Before our baby was born we attended two breast feeding workshops – one as part of our NCT course and one at the hospital where we would have our baby. In between the knitted boobs and videos containing a lot of nipple, I spoke with many friends.
No one ever made out breast feeding was easy. Both mine and my husband’s vocabulary had extended somewhat to fully understand the meaning of a good latch and the job of the areola. We both became aware of what our respective roles in breast feeding would be and that we’d of course want to breast feed our baby.
In the recovery bay following delivery once sweet tea and buttery white toast had been administered (the best of all the ‘drugs’ I was given during my entire stay) a maternity care assistant came by to help begin breast feeding. Before long my boob was squeezed and guided into Ffion’s mouth although she wasn’t quite sure at this point so we gave it a little while longer. Another midwife came by to say “there’s been mention of flat nipples, but that doesn’t matter. Babies don’t know any different so they will work with what they’re given.” This midwife was the first to pick up on Ffion’s slight tongue tie too.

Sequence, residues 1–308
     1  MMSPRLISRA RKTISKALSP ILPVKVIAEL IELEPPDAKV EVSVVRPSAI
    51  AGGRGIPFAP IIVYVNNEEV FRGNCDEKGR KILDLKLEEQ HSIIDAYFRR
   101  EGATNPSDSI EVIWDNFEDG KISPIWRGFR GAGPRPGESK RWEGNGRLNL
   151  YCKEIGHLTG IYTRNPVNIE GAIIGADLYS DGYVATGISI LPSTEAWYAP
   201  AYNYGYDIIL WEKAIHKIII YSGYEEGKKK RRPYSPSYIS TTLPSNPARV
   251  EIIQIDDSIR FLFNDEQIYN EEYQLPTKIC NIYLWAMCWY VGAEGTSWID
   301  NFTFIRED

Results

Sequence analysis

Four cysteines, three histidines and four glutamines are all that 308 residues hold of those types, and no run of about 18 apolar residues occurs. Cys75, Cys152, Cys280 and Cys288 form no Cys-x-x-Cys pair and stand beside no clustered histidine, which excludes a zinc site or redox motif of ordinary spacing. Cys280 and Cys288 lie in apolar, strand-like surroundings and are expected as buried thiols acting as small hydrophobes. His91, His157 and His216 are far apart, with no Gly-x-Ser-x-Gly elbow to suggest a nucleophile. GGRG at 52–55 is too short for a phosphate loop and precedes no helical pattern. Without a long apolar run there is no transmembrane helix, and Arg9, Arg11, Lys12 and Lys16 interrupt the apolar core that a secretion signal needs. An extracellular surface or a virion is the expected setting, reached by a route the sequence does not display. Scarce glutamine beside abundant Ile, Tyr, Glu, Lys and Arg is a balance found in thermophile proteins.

It wasn’t long before we were on the ward and it was time for Andy to leave us for the night. A very drowsy Ffion hadn’t yet fed so the hand expressing by the midwives started, with little drops of liquid gold finding their way into my baby’s mouth with a syringe. The hand expressing was soul destroying yet reassuring, such a comfort to know my baby was having what she so desperately needed yet a midwife handling my breast every three hours hadn’t featured in any of the new parent manuals I’d previously wasted time reading.